I hate to beat a dead horse – but allow me to this time. In today’s edition of my Deep Music Criticism series I revisit the title track to Rush’s latest album, Clockwork Angels.
I’ve ranked it #6 on their all-time top 20 best Rush songs. When it comes to such an old and long-running band of musicians, with as prolific a recorded output as Rush – ranking their best work gets a bit silly – and individualistic. Its no surprise that most Rush fans responded to my list with puzzlement and a bit of good natured mockery.
But Clockwork Angels truly is something special, in particular among their later output after 2000. Rather than swing at the fences to describe every musical nook and cranny of the song that I find compelling, I’m going to focus on one single compositional element that makes this song special. As I’ve said in prior reviews, its really those unexpected turns in a musical composition that make it interesting. This song has just the right amount of them to please, surprise and keep the fan coming back for repeated listens.
An instrumental, stop-time rendering of the song’s chorus starts off the song, after a bit of hollywood-style atmospherics. Given that the chorus is pretty epic in structure and drama, its a great compositional choice.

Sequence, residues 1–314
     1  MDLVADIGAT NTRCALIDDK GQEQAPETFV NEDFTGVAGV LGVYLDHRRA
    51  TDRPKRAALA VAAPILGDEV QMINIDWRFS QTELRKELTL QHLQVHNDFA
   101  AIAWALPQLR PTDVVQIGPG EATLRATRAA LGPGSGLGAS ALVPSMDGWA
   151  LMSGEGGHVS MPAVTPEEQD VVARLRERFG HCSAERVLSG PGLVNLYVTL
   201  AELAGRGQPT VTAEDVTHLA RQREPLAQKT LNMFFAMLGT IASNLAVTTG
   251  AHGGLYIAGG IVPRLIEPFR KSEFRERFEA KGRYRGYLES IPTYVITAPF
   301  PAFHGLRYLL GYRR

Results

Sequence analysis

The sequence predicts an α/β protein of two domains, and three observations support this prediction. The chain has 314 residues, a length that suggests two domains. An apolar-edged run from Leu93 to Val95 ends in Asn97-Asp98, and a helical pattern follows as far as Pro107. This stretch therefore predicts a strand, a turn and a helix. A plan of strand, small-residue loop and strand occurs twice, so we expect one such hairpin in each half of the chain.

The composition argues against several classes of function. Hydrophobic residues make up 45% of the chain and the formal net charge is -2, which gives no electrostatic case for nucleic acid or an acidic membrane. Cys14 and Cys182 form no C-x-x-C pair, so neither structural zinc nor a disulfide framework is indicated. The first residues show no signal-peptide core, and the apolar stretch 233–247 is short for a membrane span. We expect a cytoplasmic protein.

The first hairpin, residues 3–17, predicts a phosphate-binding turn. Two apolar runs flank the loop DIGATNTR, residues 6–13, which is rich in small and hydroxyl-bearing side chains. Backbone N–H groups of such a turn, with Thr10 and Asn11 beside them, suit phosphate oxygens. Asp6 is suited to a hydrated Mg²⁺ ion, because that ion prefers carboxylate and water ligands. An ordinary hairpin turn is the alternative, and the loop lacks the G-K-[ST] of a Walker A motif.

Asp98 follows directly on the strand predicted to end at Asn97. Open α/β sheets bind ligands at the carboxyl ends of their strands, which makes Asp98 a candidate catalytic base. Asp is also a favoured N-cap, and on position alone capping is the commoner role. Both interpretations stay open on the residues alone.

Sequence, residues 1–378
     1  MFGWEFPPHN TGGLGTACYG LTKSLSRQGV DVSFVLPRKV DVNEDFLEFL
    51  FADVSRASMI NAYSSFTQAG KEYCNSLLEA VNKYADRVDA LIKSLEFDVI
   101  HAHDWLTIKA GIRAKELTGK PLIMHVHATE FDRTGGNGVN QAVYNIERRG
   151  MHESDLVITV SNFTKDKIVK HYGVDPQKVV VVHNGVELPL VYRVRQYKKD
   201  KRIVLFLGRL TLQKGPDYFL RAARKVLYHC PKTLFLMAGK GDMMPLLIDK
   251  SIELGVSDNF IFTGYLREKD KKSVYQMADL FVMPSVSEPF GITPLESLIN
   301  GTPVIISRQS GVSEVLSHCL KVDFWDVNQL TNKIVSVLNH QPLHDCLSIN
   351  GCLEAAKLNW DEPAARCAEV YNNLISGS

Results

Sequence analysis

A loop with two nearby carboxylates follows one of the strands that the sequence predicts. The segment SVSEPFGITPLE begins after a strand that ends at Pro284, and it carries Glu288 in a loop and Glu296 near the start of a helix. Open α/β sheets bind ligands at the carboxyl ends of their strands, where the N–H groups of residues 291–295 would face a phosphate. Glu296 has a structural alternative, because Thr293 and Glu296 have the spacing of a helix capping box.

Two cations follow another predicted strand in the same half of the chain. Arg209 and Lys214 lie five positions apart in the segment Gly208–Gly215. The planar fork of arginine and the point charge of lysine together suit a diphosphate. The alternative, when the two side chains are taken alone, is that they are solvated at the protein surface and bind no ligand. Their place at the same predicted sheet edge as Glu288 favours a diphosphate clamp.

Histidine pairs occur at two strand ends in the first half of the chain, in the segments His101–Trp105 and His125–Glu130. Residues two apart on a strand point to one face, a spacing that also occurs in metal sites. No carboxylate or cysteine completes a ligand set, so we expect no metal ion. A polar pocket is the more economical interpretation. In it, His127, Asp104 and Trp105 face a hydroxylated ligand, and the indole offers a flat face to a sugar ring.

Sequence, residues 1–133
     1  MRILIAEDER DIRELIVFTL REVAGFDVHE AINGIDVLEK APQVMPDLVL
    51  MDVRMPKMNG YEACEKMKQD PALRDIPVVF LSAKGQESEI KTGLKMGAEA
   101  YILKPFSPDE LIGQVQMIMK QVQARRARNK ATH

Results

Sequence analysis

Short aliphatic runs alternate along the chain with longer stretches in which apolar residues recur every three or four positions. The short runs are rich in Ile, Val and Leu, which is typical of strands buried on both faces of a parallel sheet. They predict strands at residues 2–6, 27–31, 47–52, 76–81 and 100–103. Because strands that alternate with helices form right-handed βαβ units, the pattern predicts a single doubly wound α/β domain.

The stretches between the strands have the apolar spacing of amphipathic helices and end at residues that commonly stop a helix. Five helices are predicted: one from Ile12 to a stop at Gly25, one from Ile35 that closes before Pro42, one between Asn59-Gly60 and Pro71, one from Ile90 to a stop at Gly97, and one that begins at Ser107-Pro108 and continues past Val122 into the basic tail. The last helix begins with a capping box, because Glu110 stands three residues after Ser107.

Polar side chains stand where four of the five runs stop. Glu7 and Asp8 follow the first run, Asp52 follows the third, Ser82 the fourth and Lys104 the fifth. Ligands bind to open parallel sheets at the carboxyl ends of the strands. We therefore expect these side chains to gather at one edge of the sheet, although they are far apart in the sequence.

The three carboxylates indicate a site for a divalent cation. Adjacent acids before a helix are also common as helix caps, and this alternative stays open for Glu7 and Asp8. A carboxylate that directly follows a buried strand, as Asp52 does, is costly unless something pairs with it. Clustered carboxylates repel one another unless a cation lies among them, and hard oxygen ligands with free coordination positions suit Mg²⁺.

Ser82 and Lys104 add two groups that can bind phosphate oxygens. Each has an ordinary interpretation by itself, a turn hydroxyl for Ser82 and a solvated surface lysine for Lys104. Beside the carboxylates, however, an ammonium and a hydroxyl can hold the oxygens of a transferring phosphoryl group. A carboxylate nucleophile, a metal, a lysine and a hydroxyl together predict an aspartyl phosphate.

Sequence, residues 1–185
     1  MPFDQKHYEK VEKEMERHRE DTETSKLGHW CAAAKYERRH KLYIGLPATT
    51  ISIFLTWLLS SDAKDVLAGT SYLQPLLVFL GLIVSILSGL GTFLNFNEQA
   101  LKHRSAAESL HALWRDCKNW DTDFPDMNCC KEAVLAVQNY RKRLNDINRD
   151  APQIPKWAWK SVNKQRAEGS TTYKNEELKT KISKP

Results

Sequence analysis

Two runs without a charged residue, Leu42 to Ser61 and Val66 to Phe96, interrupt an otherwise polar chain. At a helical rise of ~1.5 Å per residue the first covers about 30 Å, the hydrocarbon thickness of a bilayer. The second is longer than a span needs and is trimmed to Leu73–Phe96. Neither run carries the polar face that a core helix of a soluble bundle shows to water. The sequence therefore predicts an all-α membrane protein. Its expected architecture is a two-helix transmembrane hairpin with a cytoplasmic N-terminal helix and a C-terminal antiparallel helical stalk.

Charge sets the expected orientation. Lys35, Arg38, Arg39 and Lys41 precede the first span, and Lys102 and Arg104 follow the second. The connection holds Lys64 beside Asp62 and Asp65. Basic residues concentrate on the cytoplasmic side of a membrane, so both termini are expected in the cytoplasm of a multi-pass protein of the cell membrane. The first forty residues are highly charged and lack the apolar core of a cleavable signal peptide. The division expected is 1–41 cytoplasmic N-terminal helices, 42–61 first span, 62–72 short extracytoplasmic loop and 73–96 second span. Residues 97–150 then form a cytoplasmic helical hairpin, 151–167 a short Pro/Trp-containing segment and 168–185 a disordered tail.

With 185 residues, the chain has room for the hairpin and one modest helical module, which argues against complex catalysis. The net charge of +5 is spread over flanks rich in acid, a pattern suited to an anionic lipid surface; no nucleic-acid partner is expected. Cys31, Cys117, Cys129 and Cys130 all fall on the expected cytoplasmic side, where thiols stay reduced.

What is so striking about this section, and the later full band repetitions of it (with voice) is the tense harmony. The first chord is pure dissonance:
The song’s key is B Major. Its not uncommon for a rock song to harp around the sub-tonic (flatted note, A, below the tonic – which is B in this case). Going back and forth then between A and B is pretty formulaic for a rock tune. But here we have delicious twist #1 – a 1st inversion sub-tonic chord – the A Major/C# chord.
As you see from the B chord in the above example, a typical “triad” or basic chord looks like a neatly stacked set of thirds – either all spaces or all lines on the staff.
But when you take the low note of the chord (the root) and flip it up an octave, leaving the 3rd note in the bass, you get this new dissonance between the two outside notes. Here’s that A Major chord again, first in the “root position” then in the 1st inversion:
Compound the dissonance of this 1st inversion chord with a dramatic build-up like in Clockwork Angels, as well as a sound mix that prominently features the bass instrument (Geddy Lee’s bass guitar), and you get AWESOMENESS.
My friends – this is composition. All intentional, informed by technique and based on tradition, but mixed with a surprise. There’s nothing at all revolutionary about 1st inversion triads – they’ve been around in western music since the 12th century. But when you’re dealing in the fairly rigid world of popular rock music, applying a little lesson from tradition to your song can bring interest that otherwise wouldn’t be there.